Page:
A day after a West Hollywood attorney was declared brain dead after he exhibited symptoms of bacterial meningitis, residents of West Hollywood, Calif. have become increasingly concerned about a spread of the outbreak of the potentially deadly bacterial infection.
On Friday Brett Shaad (pictured), a 33-year-old lawyer based in West Hollywood, was declared brain dead just days after friends described him as fit and healthy.
Brian Shaad, the brother of Brett Shaad, issued the following statement regarding the family’s decision to remove Brett from life support Saturday night:
“Tonight our family made the incredibly difficult decision to remove my brother Brett from life support. He died peacefully surrounded by our family and friends.
“Brett was an extraordinary person. He was a loving son, brother and grandson, an attorney with a deep passion for social justice, and a dear friend to so many people. We cannot believe that this wonderful person is gone. We love you Brett.”
Brett was being treated at Cedars-Sinai hospital in Beverly Hills, CA. He was removed from life support tonight at 6:24 pm and passed away at 6:42 pm.
A spokesperson for the family, Elizabeth Ashford, issued the following statement:
“The Shaad family asks for privacy at this painful time, which has been made more devastating by irresponsible and inaccurate reports on the circumstances of Brett’s death. The family wants, and will pursue, answers for how and why this happened.”
Queerty previously wrote:
As several media outlets have reported, Shaad attended the White Party in Palm Springs, Calif. during the weekend of March 30, but there has been no definite confirmation that he contracted the bacteria during that event.
The disturbing news comes a month after the New York City Department of Health, responding to a number of reported cases, urged men who have intimate contact with other men to get vaccinated against the bacteria. The New York Times reports “at least 22 men have contracted meningitis in New York since 2010, 13 of them this year, and 7 have died.”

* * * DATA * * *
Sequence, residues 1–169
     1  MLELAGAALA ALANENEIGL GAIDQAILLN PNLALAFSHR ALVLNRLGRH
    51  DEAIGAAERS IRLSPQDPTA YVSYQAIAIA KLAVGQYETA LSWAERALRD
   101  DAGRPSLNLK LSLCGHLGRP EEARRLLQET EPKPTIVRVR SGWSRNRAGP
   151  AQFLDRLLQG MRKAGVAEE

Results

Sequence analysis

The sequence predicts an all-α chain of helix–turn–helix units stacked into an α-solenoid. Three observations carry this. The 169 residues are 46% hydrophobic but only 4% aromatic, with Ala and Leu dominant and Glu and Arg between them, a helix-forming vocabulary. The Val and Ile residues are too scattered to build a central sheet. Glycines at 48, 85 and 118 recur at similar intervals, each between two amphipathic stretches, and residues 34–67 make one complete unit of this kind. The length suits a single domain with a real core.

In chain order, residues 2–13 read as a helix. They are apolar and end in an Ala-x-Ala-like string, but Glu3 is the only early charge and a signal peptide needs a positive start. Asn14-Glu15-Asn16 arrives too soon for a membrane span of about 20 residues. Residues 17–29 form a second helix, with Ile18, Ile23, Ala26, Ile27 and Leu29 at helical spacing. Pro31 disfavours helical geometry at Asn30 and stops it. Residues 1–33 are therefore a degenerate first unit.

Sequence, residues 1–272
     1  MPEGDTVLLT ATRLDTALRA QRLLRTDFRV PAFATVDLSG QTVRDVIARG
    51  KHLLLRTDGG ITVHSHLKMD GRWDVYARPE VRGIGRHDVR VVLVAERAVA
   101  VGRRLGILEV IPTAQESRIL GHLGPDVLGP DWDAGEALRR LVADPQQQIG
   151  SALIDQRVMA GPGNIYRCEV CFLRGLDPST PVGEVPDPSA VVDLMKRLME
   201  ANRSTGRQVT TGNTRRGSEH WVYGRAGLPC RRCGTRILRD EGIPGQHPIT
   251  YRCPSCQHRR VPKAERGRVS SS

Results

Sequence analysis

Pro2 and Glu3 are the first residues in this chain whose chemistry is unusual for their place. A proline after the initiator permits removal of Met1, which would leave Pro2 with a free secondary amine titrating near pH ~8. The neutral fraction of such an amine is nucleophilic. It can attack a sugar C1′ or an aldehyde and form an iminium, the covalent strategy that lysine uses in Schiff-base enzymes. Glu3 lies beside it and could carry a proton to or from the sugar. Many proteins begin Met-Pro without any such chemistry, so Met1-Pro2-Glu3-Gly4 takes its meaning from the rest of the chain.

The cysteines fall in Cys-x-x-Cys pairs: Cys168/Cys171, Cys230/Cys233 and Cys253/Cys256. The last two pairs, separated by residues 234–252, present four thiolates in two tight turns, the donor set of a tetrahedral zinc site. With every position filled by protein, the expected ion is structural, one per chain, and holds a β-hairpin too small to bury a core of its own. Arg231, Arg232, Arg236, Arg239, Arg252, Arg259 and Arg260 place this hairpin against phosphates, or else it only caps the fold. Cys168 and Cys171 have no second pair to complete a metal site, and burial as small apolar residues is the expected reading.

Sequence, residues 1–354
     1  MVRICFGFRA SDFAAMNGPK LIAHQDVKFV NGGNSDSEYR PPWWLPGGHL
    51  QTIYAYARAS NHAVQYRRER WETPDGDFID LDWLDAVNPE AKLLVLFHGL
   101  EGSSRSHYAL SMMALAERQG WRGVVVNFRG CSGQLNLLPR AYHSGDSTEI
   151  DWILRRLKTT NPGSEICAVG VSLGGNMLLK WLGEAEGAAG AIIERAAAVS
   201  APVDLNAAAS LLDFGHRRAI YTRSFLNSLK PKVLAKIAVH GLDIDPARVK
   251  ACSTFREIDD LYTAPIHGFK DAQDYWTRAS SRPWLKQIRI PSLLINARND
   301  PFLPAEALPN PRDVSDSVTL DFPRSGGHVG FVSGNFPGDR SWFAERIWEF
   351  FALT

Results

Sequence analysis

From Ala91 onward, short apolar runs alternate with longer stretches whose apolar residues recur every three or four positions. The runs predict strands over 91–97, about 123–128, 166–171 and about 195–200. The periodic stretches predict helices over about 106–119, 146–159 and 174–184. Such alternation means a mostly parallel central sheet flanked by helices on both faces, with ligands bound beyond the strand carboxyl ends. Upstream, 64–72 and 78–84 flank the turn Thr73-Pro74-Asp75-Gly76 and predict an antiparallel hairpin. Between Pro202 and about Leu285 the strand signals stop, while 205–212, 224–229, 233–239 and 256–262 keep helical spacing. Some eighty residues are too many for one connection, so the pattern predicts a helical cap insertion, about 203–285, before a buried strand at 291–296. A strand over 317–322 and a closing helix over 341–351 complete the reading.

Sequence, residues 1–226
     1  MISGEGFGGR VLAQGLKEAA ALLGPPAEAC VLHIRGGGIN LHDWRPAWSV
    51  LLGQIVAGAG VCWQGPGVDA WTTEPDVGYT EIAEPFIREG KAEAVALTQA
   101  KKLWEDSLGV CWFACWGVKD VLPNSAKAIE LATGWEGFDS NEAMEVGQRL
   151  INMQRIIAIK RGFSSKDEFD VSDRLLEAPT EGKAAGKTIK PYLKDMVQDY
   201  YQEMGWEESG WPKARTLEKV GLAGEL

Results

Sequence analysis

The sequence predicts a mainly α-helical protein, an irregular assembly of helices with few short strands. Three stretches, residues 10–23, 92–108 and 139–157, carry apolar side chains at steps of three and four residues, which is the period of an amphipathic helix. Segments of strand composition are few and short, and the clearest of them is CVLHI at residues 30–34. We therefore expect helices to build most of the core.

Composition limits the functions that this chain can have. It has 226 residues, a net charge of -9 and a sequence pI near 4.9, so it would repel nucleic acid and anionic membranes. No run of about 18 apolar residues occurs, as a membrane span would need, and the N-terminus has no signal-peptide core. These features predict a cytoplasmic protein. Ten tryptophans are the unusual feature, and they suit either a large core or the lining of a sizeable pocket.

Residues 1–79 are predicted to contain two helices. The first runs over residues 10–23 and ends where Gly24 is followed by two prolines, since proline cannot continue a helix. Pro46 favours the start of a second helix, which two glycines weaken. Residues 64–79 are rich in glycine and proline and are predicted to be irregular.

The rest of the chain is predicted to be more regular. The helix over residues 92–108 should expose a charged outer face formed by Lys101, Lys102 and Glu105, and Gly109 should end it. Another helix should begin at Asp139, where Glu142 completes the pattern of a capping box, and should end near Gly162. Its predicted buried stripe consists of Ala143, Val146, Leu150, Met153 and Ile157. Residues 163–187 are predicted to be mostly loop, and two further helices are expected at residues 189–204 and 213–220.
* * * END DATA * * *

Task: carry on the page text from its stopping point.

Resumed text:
During a press conference on Friday, Dr. Maxine E. Liggins, with the Los Angeles County Department of Public Health, advised residents to be look for early signs of meningococcal meningitis. These include a severe headache and stiff neck. If detected early the disease, an infection of the membrane surrounding the brain and spinal cord, can be treated with antibiotics. She noted that it can also intensify quickly.
John Duran, a West Hollywood city councilman and one of the few openly H.I.V.-positive elected officials in the country, says in a statement: “The lesson we learned 30 years ago in the early days of H.I.V. and AIDS is that people were not alerted to what was going on and a lot of infections occurred that didn’t need to occur. So even with an isolated case here, we need to sound the alarms, especially given the cases in New York.”
News of Shaad’s infection has shaken residents of West Hollywood, who quickly mobilized to use forms of social media to raise awareness of the potential epidemic while city officials plan to partner with gay advocacy groups to post notices in West Hollywood gyms.
LGBTPOV‘s Karen Ocamb reports Duran as being concerned about the availability of sufficient vaccine to prevent the spread, if requested by people at risk. “We’re going to be working with our partners at the Gay and Lesbian Center, as well as the pharmacies in town, to make sure we have – if necessary – enough vaccines to get it out there to prevent the spread of meningitis,” he says.
According to Huffington Post, Duran plans to introduce an urgency item on Monday to appropriate $20,000 for vaccines, for those who can’t afford them otherwise. “I think the county health department is dragging its feet and we don’t have the luxury of waiting,” he said. The vaccine will prevent invasive meningococcal disease from taking root but does not treat the disease if a person is already infected.